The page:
Once I'd resigned my employer did offer to help me reorganise my workload but I decided to take the time out and have been a SAHM for just over a year. We are all happier for it and I have no regrets. I feel the children are currently benefitting more from having my time than from the money I was bringing in. I know we are fortunately to be able to afford this set up.

I plan to look for part time work again when my youngest starts school in September. I know I will never earn the sort of money I used to but I have accepted that. I do worry that I will struggle to find any job, but I am inspired by some of my older friends who have taken career breaks and then successfully returned to work. This is just the next stage of my life.

Good luck whatever you decide.

runningLou Fri 29-Apr-16 13:36:46

There are part-time jobs out there that are not like you describe. The problem is once colleagues (esp. managers) get used to you logging in and getting work done 'out-of-hours' then they will expect this. You have a 60% contract and get 40% less pay than colleagues so they should be taking this into account. If they're not then you either need to tackle this with them, by establishing what is a reasonable 60% workload, or find something else.
Could you request to drop your hours to 50% (2.5 days)? It might trigger a discussion of workload? You need to emphasise that your days at home are not 'days off', but that you are looking after young DC.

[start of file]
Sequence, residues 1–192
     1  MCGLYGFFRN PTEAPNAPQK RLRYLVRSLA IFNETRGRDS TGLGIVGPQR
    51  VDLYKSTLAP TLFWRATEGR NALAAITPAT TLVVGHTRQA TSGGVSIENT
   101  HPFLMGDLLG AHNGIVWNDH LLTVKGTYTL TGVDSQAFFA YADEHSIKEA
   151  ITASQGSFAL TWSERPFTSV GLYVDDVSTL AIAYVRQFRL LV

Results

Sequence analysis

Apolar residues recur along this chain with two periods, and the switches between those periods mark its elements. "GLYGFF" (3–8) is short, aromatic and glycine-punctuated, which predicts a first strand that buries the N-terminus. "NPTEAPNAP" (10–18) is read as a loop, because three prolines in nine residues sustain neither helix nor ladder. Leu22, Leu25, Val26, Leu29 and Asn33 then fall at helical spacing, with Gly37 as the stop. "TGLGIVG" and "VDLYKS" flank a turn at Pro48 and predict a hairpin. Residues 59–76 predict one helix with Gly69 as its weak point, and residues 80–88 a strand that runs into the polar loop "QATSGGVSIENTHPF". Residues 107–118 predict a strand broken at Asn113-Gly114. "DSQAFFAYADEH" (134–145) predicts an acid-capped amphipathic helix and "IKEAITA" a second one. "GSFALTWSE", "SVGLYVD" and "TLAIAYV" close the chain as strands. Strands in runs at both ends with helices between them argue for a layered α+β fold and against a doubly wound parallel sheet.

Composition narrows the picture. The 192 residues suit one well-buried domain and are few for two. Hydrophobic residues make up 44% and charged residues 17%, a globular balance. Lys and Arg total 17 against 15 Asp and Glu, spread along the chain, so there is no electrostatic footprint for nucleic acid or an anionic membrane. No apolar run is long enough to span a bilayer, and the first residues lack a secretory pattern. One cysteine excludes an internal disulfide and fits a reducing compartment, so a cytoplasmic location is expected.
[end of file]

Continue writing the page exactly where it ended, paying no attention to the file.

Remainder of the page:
In a previous job I went from 50% after DC1 to 40% after DC2. It helped as colleagues readjusted their expectations.
It is hard to find part-time work but there are job shares etc out there so if you do want to find something else you could ...

runningLou Fri 29-Apr-16 13:38:47

Just to add, I found that when childcare costs were taken into account there wasn't a massive drop in salary when adjusting % of part-time hours. I would also have loved to be a SAHM but we do need my salary. You need to find the right compromise between money and stress though.

Timeforabiscuit Fri 29-Apr-16 13:46:06

Personally I wouldn't jack in the job, but I would make my manager work for it if they wanted to sack me on performance grounds!

Somethings I found helpful
Tell my manager exactly what I was doing each week
If new stuff came in, which stuff takes priority, what is getting moved to someone else to do, what is not getting done (not postponed, it's either a priority or it isnt).
Using positive language to say no, I can do that in early April

This all goes out the window if your managers crap or you don't like the job, in which case don't waste your energy!

TiredOfSleep Fri 29-Apr-16 14:02:12

Agree that it's worth logging hours worked and reducing the extra hours you're doing before leaving. How does your workload compare to others working ft?

AndTakeYourPenguinWithYou Fri 29-Apr-16 14:05:07

You're asking if you should quit but saying that you can't afford to. So what is the actual question? Should you get a different part time job? Well maybe, but anything easier isn't going to pay anything like that amount, is it?

howabout Fri 29-Apr-16 14:12:01

I would be very reluctant to et myself be forced to quit in this way. What would happen if you actually just worked your contracted hours and ignored the expectations? My DH works reduced hours and if he was not very rigid with his boss he would be in your situation. If there is a push he always pushes back.